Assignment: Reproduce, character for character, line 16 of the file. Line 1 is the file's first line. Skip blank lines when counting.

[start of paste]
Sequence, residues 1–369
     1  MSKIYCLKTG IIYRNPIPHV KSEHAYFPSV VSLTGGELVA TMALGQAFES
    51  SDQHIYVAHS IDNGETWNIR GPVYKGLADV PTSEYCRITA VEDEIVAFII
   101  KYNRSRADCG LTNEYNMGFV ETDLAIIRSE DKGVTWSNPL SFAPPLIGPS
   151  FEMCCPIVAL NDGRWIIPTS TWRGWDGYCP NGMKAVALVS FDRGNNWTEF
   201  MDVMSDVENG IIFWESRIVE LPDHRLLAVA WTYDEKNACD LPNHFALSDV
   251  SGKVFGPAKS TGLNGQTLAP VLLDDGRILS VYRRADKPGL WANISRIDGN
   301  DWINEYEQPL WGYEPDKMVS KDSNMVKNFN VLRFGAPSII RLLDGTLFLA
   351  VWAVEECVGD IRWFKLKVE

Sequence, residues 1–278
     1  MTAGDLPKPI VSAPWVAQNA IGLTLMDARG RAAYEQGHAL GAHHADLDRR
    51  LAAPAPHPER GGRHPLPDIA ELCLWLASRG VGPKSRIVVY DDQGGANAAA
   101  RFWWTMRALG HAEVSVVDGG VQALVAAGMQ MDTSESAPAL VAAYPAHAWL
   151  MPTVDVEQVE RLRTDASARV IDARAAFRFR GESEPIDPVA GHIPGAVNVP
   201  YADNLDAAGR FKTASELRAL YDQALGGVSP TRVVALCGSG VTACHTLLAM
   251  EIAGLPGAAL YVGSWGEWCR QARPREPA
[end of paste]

   251  EIAGLPGAAL YVGSWGEWCR QARPREPA